Book Review: Chronicles Volume 1 by Bob DylanPosted: November 21, 2013
Aside from The Beatles and Elvis, probably one of the most iconic and legendary musicians is singer songwriter Bob Dylan. Or so I thought, until one of the freshers asked me “Who’s Bob Dylan?”
Dylan was a phenomenon in the ’60s when he was labelled the voice of a generation and his distinctive (some might say whiny) singing and poetic, charged lyrics made his folk music capture the changing times and feeling of unrest among some young people.
I’ve always had mixed feelings about Dylan, while I love lots of his music (his 1976 album Desire is one of my top 10 albums of all time, while “Knockin’ on Heaven’s Door” is, to me, one of the most beautiful pieces of music ever recorded) and kinda like the guy, based largely from seeing him being clever, sarky and funny in the documentary Don’t Look Back.
At the same time, a few of his songs leave me cold and there’s an air of pretension that hangs over him at times. Interviews with him can sometimes show him to be self indulgent and obtuse, and some of his changes in direction over the years have been misjudged.
This book does little to help me decide which side of the fence I fall.
It’s not really a traditional autobiography, more a brief memoir, with each section finding Dylan at a different stage of his career- just having signed his deal, recovering from the motorcycle accident and feeling isolated, injured again and wondering if he can continue touring in the late ’80s.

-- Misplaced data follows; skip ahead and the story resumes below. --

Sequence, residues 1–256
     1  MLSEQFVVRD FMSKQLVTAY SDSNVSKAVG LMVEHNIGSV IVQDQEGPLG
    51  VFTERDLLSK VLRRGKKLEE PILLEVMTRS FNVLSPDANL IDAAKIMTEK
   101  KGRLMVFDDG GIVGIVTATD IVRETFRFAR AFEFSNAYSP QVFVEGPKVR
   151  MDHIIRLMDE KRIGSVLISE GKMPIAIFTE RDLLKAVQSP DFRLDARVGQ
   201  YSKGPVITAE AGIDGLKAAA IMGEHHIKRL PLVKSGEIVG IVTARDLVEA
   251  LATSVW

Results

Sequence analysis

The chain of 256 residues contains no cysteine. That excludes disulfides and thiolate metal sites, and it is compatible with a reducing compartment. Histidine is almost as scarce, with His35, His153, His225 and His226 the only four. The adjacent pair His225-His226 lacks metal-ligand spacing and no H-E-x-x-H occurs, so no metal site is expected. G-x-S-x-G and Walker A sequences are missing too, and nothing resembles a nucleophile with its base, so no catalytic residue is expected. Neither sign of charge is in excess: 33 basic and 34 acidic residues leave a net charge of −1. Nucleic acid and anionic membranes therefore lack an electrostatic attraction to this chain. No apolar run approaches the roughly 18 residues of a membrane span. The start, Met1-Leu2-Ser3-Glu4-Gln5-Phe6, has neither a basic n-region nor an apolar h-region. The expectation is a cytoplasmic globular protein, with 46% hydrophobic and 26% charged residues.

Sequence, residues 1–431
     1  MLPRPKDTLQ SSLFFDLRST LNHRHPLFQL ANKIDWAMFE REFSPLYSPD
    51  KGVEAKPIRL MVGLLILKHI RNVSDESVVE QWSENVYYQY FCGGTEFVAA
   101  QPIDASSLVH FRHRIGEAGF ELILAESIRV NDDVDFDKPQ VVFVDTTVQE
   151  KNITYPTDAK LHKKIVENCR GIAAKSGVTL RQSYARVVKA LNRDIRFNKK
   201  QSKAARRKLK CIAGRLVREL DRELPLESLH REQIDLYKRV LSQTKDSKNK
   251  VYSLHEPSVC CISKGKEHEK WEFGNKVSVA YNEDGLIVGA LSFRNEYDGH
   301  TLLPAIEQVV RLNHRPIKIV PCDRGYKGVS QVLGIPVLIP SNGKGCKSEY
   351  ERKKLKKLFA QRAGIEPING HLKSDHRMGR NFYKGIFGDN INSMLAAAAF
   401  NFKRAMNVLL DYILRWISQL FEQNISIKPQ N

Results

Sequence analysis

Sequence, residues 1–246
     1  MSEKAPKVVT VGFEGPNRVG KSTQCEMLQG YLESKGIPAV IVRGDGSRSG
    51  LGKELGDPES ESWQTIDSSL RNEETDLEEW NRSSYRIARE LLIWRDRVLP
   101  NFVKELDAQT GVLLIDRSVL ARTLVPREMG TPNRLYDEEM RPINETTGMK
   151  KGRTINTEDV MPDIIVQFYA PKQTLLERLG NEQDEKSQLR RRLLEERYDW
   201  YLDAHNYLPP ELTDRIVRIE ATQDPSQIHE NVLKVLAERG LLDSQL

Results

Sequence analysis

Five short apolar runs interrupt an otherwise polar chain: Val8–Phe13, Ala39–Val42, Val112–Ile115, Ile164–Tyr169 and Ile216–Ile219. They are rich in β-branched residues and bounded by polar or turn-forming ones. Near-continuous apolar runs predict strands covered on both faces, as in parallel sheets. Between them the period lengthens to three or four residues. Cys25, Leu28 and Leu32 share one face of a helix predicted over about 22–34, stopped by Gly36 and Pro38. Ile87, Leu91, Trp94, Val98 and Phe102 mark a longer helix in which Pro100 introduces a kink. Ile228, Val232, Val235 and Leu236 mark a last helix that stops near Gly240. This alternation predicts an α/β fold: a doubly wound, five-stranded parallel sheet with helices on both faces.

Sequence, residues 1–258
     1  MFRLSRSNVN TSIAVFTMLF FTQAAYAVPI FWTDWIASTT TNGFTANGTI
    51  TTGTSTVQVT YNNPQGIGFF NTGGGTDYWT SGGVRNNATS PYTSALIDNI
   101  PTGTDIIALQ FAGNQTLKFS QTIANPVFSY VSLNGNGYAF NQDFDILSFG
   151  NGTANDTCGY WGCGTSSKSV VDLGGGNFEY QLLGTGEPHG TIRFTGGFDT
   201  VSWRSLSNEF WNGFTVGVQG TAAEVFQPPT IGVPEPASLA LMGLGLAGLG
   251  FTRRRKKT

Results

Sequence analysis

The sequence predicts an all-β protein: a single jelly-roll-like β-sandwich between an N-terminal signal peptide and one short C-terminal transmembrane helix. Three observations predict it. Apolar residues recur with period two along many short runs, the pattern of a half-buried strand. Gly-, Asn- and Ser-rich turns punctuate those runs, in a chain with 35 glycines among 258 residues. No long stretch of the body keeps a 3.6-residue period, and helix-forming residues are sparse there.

From these moments he shoots off in a meandering chains of thoughts, describing his unease with his “spokesman for a generation” tag, press intrusion and insecurities about his own abilities. His prose his wandering, shambolic and aimless, but it’s captivating enough even if it lacks real depth of reflection at times. Due to the way the book is set out, Dylan touches on things you’d wish he’d develop more, like the reclusive period after the bike crash, the way his star rose in the ’60s or his later career having to deal with the legend tag, but he offers us glimpses and then moves on.
It’s a tough book to read in some ways, with names, books, bands and poems being dropped all over the place, making it the kind of book you have to keep a bookmark in to scrawl all the things you’re going to look up later. There are times when this flows quite easily, but it does at times seem a bit pretentious as though Dylan wants to show how clever and well read he is.
The book’s major strength however is his writing, which has the same kind of lyrical beauty as his songwriting, there are turns of phrase that really grabbed me and little flourishes of beautifully constructed prose.
It keeps you involved but there are times when it frustrates you. Major players are glossed over and it’s light on anecdotes. There’s honesty here but it’s frequently brief and unexplored. It’s nice to read a biography that’s written so well and doesn’t get bogged down in all the childhood stuff (let’s face it, most biographies have one or maybe two interesting childhood stories and then get good when the person is trying to or does achieve their goal), but it’s a frustrating read and I found myself regretting all the things that aren’t here.
Verdict: Extremely well written and an interesting read, but at times extremely frustrating and I found myself wondering if Dylan couldn’t have opened up a bit more and gone a little deeper. It’s less a biography and more a collection of snapshots of the writer at specific times in his life. 6/10.
Any thoughts? You know what to do. BETEO.